If you’ve ever been woken from a scary dream, you know that it can take a minute to remember where you are and who you are with. Like some people, dogs can react aggressively toward the person waking them. This can be dangerous, especially for children. The best thing that you can do for a dog you think is having a bad dream is to wait for your dog to wake up and be there to comfort him, following the old saying “let sleeping dogs lie.”
Dogs can also get narcolepsy, a disorder that causes the brain to fall into sudden sleep. In fact, research into a line of narcoleptic dogs at Stanford University helped unravel the biochemistry behind the human form of the condition.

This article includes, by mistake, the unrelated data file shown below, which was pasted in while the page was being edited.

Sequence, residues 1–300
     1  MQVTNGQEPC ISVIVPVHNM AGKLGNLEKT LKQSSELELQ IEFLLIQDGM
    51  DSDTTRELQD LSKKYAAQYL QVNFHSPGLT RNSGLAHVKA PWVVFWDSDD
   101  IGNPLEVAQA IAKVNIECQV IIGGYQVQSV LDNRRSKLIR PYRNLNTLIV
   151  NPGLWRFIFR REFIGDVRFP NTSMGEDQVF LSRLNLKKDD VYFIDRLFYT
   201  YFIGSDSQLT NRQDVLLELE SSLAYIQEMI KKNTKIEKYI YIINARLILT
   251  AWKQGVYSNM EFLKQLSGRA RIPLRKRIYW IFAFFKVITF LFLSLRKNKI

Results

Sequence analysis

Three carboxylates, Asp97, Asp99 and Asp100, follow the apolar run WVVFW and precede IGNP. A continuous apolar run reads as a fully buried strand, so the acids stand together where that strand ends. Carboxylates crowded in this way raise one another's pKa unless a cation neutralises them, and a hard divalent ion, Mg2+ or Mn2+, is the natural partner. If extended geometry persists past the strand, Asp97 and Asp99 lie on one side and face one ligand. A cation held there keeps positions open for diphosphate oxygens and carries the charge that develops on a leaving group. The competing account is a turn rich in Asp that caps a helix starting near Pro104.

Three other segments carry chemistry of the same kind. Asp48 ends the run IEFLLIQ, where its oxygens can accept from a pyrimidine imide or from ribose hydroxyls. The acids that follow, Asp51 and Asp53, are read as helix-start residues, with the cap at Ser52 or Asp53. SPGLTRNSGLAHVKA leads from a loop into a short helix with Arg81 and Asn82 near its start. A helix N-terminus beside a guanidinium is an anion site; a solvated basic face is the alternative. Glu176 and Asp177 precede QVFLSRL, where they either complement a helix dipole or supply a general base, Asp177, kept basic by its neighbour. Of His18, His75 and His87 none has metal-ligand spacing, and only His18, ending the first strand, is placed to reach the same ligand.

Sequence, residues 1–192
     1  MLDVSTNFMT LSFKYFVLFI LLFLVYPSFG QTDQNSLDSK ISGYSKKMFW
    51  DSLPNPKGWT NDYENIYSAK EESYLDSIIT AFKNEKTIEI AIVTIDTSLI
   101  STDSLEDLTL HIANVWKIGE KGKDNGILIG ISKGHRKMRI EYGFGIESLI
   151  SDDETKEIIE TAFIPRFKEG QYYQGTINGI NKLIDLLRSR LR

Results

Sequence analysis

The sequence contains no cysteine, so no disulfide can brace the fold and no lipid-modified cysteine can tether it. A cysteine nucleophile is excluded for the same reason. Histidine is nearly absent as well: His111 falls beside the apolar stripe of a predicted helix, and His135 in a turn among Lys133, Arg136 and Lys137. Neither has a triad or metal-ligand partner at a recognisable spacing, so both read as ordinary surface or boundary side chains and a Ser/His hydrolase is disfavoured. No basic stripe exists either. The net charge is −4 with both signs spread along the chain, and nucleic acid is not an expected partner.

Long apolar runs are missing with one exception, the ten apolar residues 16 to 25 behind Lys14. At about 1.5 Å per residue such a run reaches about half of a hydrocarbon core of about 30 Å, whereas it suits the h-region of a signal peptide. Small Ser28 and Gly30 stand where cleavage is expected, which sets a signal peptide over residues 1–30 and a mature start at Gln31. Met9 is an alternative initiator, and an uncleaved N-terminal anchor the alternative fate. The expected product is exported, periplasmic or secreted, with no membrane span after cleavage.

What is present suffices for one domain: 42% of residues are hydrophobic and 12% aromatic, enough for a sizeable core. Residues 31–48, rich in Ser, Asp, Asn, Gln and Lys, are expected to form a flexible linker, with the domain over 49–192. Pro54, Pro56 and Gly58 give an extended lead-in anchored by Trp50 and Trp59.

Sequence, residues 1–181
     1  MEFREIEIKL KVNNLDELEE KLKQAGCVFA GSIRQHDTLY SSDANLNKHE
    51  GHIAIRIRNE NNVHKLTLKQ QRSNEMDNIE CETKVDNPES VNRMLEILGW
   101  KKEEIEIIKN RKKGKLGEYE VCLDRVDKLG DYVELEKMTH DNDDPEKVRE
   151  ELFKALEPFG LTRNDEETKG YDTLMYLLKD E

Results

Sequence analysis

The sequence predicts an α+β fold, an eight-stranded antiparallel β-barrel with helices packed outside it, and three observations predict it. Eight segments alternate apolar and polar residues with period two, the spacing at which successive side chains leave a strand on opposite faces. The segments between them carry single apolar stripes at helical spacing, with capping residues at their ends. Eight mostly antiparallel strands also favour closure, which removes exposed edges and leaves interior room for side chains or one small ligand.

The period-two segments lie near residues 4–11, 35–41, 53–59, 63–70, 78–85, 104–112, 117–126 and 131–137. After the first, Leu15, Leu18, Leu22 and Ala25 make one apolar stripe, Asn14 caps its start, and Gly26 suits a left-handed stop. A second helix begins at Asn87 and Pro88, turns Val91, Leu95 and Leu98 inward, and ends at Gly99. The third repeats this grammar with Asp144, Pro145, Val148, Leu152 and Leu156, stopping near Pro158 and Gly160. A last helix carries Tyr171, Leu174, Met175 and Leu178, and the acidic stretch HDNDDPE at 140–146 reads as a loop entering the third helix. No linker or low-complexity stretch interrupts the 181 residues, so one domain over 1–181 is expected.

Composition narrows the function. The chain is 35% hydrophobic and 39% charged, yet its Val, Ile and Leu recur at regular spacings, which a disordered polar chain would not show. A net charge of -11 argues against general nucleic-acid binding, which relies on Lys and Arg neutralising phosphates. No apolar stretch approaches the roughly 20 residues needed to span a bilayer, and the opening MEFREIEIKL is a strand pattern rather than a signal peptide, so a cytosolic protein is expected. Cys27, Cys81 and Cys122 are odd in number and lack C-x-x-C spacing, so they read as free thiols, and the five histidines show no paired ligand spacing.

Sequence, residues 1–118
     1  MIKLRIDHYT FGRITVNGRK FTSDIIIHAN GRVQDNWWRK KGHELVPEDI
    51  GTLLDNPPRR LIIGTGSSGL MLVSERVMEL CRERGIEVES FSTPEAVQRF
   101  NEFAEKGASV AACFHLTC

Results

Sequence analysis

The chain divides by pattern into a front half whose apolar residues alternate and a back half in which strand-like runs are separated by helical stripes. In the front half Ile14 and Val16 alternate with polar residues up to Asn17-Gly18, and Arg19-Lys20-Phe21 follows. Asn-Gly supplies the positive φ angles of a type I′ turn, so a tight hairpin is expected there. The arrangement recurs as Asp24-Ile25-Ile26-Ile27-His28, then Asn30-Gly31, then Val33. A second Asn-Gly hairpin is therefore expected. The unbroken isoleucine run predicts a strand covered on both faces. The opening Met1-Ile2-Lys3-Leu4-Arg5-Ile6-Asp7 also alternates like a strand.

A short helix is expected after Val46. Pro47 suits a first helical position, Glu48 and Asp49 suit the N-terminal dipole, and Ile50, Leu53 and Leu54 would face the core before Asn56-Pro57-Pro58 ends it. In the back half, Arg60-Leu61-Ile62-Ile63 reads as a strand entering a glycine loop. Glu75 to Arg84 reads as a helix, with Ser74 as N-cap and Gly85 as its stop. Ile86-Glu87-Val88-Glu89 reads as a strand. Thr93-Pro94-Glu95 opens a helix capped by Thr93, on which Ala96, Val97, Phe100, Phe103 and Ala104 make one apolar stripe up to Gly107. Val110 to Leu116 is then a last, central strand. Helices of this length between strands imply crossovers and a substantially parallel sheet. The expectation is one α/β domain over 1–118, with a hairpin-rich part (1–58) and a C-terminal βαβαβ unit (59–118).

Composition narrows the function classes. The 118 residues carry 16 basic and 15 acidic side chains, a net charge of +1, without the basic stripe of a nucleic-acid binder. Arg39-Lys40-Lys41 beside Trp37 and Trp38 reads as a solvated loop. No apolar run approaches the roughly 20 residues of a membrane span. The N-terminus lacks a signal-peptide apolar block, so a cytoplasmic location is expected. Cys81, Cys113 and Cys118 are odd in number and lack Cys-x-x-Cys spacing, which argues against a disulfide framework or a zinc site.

The best way to give your dog pleasant dreams? Keep them happy
The best way to give ourselves or our children better dreams is to have happy daytime experiences and to get plenty of sleep in a safe and comfortable environment. This is also the best thing you can do. Nightmares may creep in from time to time, but a healthy, happy dog will have nice dreams.
The more your pup’s day is filled with fun and excitement, the more likely their dreams will be too. This can also include treat training that will stimulate your dog’s brain and provide them with plenty of fun mental challenges. Ensuring they enjoy their daily dog walk will also make a big difference.